Role of a Coroner
An inquest is a fact-finding exercise, conducted where an individual has died in certain circumstances. The purpose of an inquest, conducted by a coroner with or without a jury, is to establish reliable answers to four important but limited factual questions as set out in section 5 of the Coroners and Justice Act 2009, namely:
1. the identity of the deceased;
2. the place of his / her death;
3. the date and time of death; and
4. how he / she came by their death.
The inquest is a form of public investigation to determine the truth. It is not a trial so there are no formal parties, just interested persons. It is an inquisitorial process to establish facts. The process of investigation is unlike a trial where the prosecutor accuses and the accused defends.
An inquest is not a method of apportioning guilt or blame, as would be the case with a criminal trial. An inquest conclusion cannot be framed in such a way as to appear to determine matters of criminal liability on the part of a named person or civil liability. There are no parties, no indictment, no prosecution, no defence, and no trial; there is simply an attempt to establish the facts.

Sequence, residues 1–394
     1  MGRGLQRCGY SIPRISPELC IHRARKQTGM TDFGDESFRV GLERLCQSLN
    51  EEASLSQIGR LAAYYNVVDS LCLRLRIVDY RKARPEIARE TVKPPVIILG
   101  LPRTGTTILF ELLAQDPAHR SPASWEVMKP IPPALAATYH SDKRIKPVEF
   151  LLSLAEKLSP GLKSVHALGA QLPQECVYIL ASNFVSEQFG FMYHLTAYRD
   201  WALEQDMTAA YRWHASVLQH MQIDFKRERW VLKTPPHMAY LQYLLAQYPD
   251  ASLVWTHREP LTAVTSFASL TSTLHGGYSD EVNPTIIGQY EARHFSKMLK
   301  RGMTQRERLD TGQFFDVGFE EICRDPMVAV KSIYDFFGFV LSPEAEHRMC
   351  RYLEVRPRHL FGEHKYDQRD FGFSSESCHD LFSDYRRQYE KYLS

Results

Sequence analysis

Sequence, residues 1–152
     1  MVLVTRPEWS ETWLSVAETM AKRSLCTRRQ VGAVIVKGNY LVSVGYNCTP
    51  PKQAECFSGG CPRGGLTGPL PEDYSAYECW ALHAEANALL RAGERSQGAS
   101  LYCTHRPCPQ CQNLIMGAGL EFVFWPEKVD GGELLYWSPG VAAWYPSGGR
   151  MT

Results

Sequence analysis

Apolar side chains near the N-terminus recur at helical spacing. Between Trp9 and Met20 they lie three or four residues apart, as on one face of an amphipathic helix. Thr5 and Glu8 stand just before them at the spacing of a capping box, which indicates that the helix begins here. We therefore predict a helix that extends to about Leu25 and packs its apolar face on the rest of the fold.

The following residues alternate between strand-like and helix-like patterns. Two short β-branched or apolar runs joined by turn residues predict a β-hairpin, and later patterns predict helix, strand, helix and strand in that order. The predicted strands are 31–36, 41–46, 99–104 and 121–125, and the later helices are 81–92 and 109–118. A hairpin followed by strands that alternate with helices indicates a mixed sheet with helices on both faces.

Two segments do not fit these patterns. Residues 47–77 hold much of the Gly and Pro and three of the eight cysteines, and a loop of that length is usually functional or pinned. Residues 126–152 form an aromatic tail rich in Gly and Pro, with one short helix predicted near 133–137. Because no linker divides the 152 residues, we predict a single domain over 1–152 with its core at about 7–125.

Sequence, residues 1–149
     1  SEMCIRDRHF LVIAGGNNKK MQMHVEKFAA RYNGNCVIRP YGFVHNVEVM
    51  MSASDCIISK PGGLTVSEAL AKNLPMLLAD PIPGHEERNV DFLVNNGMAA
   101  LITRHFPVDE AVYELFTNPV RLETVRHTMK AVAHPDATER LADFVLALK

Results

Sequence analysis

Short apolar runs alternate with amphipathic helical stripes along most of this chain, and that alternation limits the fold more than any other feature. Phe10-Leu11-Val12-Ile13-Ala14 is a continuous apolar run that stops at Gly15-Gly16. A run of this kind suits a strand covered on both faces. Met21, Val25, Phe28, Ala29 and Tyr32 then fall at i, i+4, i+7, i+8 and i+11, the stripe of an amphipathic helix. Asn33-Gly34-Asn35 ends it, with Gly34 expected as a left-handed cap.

The inquest is conducted by a coroner. In certain inquests a coroner may sit with a jury. The coroner (whether sitting with or without a jury) hears evidence relating to the circumstances of the death of a deceased person.
A coroner is an independent judicial office holder acting on behalf of the Crown to investigate the cause and circumstances of violent or unnatural deaths, or sudden deaths of unknown cause.
Coroners are appointed by and paid via the local authority for their district, but they are not local authority employees and are independent of both local and central government.
In these inquests, the Chief Coroner, His Honour Judge Mark Lucraft QC, shall preside over the hearings and has assumed responsibility for the coronial investigations and inquests from Dr Andrew Harris, the Senior Coroner for Inner South District of Greater London.